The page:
How to leverage your fear of success and make it work for you

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How to leverage your fear of success and make it work for you

I work a lot with people that fear success. Very talented, intelligent people that in theory seem to have everything it takes to reach higher levels of success. While they work really hard, making progress seems to take them forever. They can see the success of the ones on the next level but somehow they are unable to reach that level.

Maybe you can relate:

  • You feel like you have what it takes to become more successful but you have no real clue on what to do next.
  • You hardly make the progress you could be making despite working your tail off.
  • You are highly driven and motivated, yet you can’t help yourself from procrastinating and you beat yourself up about it.
  • You tend to get caught up in details and lose sight of the bigger picture.
  • You impulsively follow through on every idea that comes to mind only to end up at a dead-end after having wasted lots of time and energy.
  • You feel like you have to do almost everything by yourself and keeping all those plates spinning in the air is starting to wear you down.
  • You dream about finding a partner that shares your vision and your drive. Someone that can take some of the weight of your back and keeps you focussed and moving forward. And most importantly, it has to be someone that you can trust. If you can find someone like that, everything will become much easier. But where can you find someone like that?

All these things point in the direction of a client being afraid of success. But usually they are the last ones to realise it.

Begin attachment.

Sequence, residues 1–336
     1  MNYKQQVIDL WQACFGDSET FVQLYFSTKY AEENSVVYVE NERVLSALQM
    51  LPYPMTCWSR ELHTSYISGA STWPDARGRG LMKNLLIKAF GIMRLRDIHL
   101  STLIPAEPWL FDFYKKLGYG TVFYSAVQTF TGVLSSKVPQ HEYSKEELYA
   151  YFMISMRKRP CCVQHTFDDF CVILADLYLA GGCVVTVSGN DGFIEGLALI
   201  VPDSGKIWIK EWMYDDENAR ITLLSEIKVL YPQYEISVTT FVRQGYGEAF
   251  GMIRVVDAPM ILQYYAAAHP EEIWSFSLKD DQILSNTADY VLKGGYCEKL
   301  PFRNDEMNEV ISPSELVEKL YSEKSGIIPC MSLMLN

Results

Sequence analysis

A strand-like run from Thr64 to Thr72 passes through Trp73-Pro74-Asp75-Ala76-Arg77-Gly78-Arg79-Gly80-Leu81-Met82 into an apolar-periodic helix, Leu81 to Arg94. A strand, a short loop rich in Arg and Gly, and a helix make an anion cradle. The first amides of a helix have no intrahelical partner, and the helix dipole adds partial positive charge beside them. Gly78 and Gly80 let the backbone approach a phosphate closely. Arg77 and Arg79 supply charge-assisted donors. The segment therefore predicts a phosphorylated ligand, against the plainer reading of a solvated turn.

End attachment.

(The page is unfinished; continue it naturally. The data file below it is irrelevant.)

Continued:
I always try to be gentle when I break it to them: “Could it be that you’re actually afraid of success?”

Some clients still take it pretty hard.

One client said to me: “Uhhm… Maybe. A little.”

Then he shouted (to himself it seemed): “SO WHAT? You know what’s on the other side of fear? NOTHING!”

I thought that sounded vaguely familiar. “Where did that come from?” I asked.

“That’s what Jamie Foxx said on Tim Ferriss’ podcast”

I’ve noticed this on more than one occasion: people using quotes like this to trivialise their fear, even to ridicule it. Sometimes these quotes are taken out of context. Sometimes they’re not. Fear annoys people.

What strikes me is that a lot of these quotes all seem to say more or less the same thing: your fears are imaginary. They are unfounded. Just move forward and everything will work out. Don’t worry about problems down the line, deal with them when they show up. Focus on what you can control now.

For the most part that makes a lot of sense.

Except… in my experience for a lot of people this advice will only take them so far.

It may help to get you started in the right direction. But isn’t it often so that these fears just keep lingering in the back of your mind?

That little voice that just keeps going: “But what if this happens? And what if that happens?”

What if, what if, what if. Annoying, isn’t it?

Annoying as it may be, trivialising your fear as just a figment of your imagination and beating yourself up about it (with the generous help of others) is probably not the best approach.

After all, it doesn’t make the fear go away. It doesn’t make you take action. It makes you feel bad about yourself. It makes you feel guilty. It makes you feel like a chicken shit.That’s not helping you move forward, is it?

There is however another way of dealing with your fear of success.

A way to leverage your fear so it works for you instead of against you.

That way is to address your fears as genuine concerns and get prepared.

Here’s why this works:

  • It will help you overcome your fears by turning them into solvable problems. If you just try to push your fears aside they are going to push back. But if your fears become solvable problems and you figure out ways to deal with those problems, you’ll notice that your fears lose their hold on you. You’ll start to feel more confident to move forward. That’s when you’ll start to make some real progress.